Archaeologist Shows How People Lived Thousands of Years Ago Looked and the Result Is Amazing
Artists who dedicate themselves to facial reconstruction are so amazing that some even reconstruct faces without the help of computer technology but their own hands instead. One such Swedish archaeologist Oscar Wilson who specializes in the reconstruction of human faces spent several hours rebuilding faces for museums around the world. His only material are excavated skulls or bones that have been discovered recently. To protect the skulls, he uses 3D printed skulls instead. Historical and Anthropological facial reconstruction requires more than an artist’s touch, it requires knowledge of history and the period in which the particular specimen existed. Wilson says “The human face is a motif that never ceases to fascinate me: the variation of the underlying structure as well as the variety in details seem endless. And all the faces I reconstruct are unique. They are all individuals” – Check out 13 of his most famous specimens of facial reconstruction.
The tomb of the Huarmey Queen was discovered in 2012 in north-west Peru by Polish archaeologists. The burial reflected the nature of the Indian Wari culture or later called the Incas. The tomb revealed no less than 58 noblewomen of varying ages buried with an extraordinary number of luxurious items. The most famous of the lot was one that the scientists nicknamed the Huarmey Queen as the nature of her luxuries reflected someone of higher rank or status. There were a huge number of gold items artifacts found in her tomb.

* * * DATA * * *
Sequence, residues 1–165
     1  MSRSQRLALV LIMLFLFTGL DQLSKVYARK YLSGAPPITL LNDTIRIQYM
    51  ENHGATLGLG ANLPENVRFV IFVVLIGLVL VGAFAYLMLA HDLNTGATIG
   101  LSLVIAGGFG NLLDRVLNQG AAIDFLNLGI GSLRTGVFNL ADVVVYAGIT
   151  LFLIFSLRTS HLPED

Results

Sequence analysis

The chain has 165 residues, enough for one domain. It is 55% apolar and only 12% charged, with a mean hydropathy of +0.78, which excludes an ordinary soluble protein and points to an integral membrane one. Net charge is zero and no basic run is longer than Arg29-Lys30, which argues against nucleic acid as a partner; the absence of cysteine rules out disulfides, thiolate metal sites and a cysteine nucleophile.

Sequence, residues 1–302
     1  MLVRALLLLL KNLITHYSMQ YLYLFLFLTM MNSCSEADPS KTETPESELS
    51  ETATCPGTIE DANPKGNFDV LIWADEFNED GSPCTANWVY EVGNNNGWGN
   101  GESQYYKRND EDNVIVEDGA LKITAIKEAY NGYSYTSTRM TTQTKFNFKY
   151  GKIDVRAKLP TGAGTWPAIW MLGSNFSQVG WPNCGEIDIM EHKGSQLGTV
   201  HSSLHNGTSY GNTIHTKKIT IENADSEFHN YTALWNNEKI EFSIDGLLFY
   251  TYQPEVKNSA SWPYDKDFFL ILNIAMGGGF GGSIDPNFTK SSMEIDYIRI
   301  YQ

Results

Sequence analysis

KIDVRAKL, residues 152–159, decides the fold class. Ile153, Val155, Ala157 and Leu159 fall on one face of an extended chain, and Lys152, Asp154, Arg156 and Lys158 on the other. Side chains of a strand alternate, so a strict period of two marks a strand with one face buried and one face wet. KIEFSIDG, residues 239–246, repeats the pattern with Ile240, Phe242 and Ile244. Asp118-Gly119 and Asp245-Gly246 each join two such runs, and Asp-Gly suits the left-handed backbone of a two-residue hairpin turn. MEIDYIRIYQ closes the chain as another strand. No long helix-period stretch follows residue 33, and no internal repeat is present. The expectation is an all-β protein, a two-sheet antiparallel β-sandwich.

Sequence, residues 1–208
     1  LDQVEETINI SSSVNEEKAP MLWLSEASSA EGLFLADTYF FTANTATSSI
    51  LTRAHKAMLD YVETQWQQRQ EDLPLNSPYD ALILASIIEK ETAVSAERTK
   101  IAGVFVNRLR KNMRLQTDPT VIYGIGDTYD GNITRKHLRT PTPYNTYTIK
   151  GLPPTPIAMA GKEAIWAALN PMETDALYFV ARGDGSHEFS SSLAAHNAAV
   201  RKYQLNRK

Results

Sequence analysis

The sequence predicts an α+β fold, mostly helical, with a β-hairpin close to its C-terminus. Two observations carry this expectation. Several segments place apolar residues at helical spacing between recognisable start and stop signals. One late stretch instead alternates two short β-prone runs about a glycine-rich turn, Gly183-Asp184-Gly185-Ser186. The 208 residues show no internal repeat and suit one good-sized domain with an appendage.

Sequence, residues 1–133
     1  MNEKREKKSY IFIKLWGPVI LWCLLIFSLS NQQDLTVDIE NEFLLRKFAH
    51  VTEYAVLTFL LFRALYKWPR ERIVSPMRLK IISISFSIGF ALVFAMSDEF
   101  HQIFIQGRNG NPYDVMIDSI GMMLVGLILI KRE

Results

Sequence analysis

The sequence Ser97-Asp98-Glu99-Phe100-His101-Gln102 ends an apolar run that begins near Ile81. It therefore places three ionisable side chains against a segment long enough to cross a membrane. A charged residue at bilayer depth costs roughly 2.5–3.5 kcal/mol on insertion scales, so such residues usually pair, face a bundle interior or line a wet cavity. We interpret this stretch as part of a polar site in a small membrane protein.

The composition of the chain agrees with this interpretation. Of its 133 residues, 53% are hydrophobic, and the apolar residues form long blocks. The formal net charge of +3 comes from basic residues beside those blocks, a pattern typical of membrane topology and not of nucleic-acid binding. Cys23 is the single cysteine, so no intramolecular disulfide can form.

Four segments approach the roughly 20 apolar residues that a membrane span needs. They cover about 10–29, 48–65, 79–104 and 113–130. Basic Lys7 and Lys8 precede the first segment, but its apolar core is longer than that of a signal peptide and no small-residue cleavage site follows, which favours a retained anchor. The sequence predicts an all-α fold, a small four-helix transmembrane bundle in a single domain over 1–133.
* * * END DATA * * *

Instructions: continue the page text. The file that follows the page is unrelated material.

Forensic examination found that the woman spent a great deal of time sitting and weaving as was suggested by the number of weaving tools all crafted from gold and several expensive textiles. In that era, textiles were considered more valuable than gold as it took more than one generation to weave a garment.
2A Young Woman Who Lived In the Stone Age About 5500 Years Ago
This young girl was found to have died when she was 20 and was even buried with a baby on her chest suggesting difficult childbirth. The DNA wasn’t well preserved but from graves also discovered in Brighton (UK), it was found that people who lived there were not white. They had a complexion similar to people from North Africa.
Estrid Sigfastdotter was assumed to have lived in the XI century AD. She was a rich and influential woman who lived near Stockholm in Taby. Several rune stones were also found near her burial site that spoke stories about her life and her family. She lived for about 80 years in site of the fact the life expectancy of the Viking age was only 35. Her reconstruction was possible because of her remains discovered near the runestone that was laid commemorating her first husband who expired in Byzantium. Estrid was probably instrumental in improving her native land that involved constriction of bridges, roads and infrastructure.
This was a handsome young man who lived in VIII century Ad in Switzerland and was named Adelasius Ebalchus by the research that discovered him. His skeleton indicated that he suffered from chronic infection and malnutrition. But in spite of this, he had lovely teeth which was a very rare feature of the time which also explains why he was made to smile.